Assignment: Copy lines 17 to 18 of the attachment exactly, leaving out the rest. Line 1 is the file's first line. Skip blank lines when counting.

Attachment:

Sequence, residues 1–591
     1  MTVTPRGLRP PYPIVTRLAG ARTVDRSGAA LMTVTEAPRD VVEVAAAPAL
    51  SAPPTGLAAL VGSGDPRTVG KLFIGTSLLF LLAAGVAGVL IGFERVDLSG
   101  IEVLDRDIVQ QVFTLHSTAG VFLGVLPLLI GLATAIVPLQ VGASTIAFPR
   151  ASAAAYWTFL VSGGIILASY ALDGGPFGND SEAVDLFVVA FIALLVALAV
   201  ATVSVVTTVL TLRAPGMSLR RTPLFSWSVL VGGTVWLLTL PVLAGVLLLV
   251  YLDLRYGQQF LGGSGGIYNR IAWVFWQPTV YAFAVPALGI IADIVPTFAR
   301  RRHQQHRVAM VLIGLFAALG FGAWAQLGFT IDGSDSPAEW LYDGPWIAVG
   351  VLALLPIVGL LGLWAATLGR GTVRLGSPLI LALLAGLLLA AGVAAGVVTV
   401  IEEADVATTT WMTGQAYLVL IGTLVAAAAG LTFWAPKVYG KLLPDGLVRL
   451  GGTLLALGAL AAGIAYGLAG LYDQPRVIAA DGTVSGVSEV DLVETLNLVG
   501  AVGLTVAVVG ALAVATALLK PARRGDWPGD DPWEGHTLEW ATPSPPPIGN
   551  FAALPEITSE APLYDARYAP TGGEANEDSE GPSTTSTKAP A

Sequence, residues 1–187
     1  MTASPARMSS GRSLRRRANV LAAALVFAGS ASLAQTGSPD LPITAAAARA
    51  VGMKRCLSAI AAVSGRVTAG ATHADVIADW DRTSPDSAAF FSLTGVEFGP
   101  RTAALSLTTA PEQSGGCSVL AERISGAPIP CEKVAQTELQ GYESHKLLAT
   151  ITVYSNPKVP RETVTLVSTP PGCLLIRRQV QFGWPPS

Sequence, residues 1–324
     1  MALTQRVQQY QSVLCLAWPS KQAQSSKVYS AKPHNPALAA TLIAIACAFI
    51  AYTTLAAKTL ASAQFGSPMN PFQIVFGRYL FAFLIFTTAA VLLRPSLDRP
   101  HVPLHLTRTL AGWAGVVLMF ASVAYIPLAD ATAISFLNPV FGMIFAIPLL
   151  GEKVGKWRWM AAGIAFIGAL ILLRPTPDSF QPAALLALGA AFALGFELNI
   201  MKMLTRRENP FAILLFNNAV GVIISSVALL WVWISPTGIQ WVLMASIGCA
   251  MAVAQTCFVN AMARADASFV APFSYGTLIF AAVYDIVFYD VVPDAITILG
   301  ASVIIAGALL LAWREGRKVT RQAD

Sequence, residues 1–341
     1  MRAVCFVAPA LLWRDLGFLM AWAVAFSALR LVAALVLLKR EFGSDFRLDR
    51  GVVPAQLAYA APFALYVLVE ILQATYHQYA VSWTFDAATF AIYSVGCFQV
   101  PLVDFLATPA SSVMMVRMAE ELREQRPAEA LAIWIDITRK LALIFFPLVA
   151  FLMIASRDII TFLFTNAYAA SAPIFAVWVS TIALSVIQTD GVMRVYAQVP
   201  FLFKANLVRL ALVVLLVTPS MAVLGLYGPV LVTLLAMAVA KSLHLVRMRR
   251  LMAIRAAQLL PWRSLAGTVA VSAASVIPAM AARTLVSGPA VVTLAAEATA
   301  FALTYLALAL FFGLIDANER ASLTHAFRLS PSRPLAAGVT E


   101  RTAALSLTTA PEQSGGCSVL AERISGAPIP CEKVAQTELQ GYESHKLLAT
   151  ITVYSNPKVP RETVTLVSTP PGCLLIRRQV QFGWPPS